Travelling with baby at Christmas
A few months back, when baby was a bump, you had that dream of spending Christmas with your loved ones as they gaze adoringly at your little one and insist that you sit by the log fire while they take care of everything.
Then the bump becomes your little bundle of joy, bringing sleepless nights, lots of laundry, a wardrobe full of clothes that don’t fit anymore. You begin to wonder if going home for Christmas is such a good idea after all.
Whether you have to drive from one part of the city to another, travel hundreds of miles across the country or go abroad, we have lots of tips from our ClapHandies mums and leaders to help you share those priceless Christmas moments with your loved ones.
Pack smart: With the first baby we tend to overpack. Bring enough nappies, formula, baby food for the trip. You can always buy more when you get there. Same goes for baby clothes, you can do laundry wherever you’re staying.
Medicine: If your knees turn to jelly at the thought of packing baby medicine like Calpol or Nurofen in those plastic bags for airport security checks, you can buy them at Dublin airport’s pharmacy and bring them on board the plane.
Baby sling: This is great for airports in the busy festive period and allows you to be hands-free to rummage in your bottomless bag for passports and tickets. It’ll also help baby feel secure in a noisy environment.
Lightweight buggy: For a wobbler or toddler who may not want to walk what seems like several kilometres to a departure gate or train platform. You can wheel the buggy up to the plane hatch just before boarding.
Snacks: Make sure you have enough formula, baby food for the trip. Always bring a bit more than you think you’ll need to allow for delays. Don’t forget to bring some snacks for yourself, to avoid the mommy meltdown.
Favourite toy: Whether it’s a furry friend or one of those headache-inducing musical toys, make sure you pack it or there’s no point in going – seriously.
Christmas gifts: May seem like a no-brainer but with everything else that you’ve got to bring, you might forget that being Santa’s little helper is part of the job spec. Hide them at the bottom of the suitcase or in the depths of the car boot – under cover of darkness.
Distractor toy: No, not the trendiest, impossible-to-get Star Wars toy, but a small new toy that could buy you a vital 10 minutes of peace waiting to board a plane or a on fuel stop for the car.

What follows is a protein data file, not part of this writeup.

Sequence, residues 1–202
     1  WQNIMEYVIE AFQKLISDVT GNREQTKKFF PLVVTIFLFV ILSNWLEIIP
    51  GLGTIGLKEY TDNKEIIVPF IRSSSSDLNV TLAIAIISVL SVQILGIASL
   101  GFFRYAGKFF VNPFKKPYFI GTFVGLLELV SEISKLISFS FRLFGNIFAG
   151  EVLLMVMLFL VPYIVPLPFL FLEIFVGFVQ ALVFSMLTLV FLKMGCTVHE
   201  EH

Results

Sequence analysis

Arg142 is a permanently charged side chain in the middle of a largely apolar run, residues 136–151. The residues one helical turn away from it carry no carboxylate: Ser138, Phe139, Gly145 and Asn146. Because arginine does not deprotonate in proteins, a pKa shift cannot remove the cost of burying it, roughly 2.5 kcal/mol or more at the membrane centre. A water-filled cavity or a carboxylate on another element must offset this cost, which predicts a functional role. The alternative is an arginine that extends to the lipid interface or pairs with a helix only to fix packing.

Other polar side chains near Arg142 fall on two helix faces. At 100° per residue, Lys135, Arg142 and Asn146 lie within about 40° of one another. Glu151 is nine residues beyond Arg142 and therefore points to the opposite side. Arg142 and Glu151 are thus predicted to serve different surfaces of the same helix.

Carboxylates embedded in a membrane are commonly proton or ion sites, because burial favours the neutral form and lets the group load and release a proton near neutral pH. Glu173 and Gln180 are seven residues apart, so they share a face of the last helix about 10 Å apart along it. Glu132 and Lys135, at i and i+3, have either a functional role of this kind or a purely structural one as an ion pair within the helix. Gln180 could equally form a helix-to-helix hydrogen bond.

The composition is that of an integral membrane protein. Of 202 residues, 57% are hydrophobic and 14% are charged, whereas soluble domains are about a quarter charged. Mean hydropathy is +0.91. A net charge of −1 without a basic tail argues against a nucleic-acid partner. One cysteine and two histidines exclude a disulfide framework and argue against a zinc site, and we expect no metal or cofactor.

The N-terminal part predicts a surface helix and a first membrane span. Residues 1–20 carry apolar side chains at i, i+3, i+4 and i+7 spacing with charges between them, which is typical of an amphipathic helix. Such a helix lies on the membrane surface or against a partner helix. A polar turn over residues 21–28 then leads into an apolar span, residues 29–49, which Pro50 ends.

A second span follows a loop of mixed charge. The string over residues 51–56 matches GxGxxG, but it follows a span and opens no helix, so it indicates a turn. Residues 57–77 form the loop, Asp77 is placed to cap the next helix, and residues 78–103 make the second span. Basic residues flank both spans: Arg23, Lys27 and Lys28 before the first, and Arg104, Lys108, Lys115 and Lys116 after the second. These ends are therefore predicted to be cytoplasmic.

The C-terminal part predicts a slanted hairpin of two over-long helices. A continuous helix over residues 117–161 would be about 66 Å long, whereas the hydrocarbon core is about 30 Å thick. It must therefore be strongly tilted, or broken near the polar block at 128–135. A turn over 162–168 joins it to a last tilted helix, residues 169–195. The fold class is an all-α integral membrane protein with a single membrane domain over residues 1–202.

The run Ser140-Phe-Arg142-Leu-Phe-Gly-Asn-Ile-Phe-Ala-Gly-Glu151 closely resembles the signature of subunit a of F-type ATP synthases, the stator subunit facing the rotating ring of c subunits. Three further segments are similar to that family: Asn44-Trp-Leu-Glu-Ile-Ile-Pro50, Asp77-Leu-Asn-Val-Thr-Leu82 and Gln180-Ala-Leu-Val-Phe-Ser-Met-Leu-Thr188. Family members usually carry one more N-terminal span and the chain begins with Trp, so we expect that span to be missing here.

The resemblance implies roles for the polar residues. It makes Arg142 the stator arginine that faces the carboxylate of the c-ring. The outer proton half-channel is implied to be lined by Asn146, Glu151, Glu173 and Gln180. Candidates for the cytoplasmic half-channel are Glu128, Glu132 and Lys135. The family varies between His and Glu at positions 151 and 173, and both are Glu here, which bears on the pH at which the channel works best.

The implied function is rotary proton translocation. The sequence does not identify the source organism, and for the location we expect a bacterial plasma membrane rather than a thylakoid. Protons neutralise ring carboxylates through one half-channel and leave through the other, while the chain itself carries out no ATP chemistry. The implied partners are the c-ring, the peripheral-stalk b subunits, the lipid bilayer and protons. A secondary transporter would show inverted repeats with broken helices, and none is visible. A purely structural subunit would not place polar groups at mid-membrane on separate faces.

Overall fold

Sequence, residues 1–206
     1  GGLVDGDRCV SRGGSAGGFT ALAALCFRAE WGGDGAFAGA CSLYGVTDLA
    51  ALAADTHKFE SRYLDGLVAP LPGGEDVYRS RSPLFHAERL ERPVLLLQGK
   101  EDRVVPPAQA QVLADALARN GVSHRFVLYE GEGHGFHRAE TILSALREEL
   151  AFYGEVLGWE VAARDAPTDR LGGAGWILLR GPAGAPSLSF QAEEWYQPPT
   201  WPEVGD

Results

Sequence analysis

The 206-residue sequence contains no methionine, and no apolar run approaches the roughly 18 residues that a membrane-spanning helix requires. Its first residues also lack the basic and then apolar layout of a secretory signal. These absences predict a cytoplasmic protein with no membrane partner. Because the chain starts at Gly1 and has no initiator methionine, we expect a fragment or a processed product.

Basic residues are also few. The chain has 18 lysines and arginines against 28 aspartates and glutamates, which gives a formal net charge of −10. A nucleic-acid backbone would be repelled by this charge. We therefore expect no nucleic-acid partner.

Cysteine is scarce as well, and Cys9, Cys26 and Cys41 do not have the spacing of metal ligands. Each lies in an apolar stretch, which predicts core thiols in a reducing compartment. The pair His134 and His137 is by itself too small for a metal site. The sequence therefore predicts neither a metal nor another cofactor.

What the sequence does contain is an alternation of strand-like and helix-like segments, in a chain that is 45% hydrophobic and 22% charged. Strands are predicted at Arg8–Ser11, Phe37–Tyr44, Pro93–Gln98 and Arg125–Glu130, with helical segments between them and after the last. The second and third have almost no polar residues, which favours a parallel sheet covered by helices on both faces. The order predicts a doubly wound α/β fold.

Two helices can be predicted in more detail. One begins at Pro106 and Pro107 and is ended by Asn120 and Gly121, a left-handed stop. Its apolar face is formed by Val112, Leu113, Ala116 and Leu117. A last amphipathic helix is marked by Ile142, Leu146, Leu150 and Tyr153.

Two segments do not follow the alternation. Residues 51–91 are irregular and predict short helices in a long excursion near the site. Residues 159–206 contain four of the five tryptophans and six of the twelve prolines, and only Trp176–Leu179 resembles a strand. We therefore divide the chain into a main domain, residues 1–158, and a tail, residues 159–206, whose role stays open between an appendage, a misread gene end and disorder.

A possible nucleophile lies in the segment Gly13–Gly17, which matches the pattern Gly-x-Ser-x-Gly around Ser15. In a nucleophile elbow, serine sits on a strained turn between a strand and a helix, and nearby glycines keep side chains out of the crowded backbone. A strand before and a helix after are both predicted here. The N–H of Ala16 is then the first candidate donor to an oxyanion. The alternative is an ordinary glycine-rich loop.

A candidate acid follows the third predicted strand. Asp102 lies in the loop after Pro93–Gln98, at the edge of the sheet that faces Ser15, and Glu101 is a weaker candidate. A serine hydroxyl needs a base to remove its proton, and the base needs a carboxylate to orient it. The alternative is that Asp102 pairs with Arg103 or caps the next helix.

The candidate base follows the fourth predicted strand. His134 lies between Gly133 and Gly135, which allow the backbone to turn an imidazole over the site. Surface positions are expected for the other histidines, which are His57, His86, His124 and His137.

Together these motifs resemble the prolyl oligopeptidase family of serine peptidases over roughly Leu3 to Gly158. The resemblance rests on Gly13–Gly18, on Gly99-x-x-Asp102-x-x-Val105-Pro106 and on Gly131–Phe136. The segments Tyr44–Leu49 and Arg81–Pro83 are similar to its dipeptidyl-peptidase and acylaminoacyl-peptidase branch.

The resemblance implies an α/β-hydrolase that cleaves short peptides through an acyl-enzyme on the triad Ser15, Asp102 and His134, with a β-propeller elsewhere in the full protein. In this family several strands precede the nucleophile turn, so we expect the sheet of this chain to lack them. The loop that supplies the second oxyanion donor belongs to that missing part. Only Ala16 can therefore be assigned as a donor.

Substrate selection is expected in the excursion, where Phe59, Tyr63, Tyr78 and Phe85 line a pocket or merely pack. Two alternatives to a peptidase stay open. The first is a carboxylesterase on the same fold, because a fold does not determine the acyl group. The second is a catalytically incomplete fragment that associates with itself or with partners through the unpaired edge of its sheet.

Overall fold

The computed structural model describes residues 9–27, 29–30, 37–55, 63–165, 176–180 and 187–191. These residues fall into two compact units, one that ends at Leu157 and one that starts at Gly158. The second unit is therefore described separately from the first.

Schedule stops: It’s really important on a road trip to change baby, get them out of the car seat and let them stretch on the changing mat or a blanket. In Ireland, we’re not blessed with motorway service stations, so plan your pit stops by finding a town along the route with a child-friendly hotel or cafe where you can all refuel.
Your smartphone and charger: Like baby’s favourite toy, don’t leave home without these. Have music ready on your phone to entertain your little one (and drive you mad). Make sure you have all essential phone numbers saved, including your GP.
Baby, it’s cold outside: Dress baby in an easy-on, easy-off babygro for travel. If temperatures drop, you can add layers for warmth.
Christmas tradition: It’s a good time to start your own family ritual, forget what granny and grandad would do. Buy a festive book, like the Night Before Christmas and read it to your little one on Christmas week. Go visit Santa for that photo opp with the jolly man in the red suit. Treasure that baby picture, it’ll probably be the last time a Santa visit goes as planned!
Just remember, with good planning and saying yes to any offers of help or baby things like a high chair or cot, you will get there. Give you and your little one a chance to settle in your new surroundings. Then you can relax and, you know, actually enjoy the festivities.
Merry Christmas from all the ClapHandies team!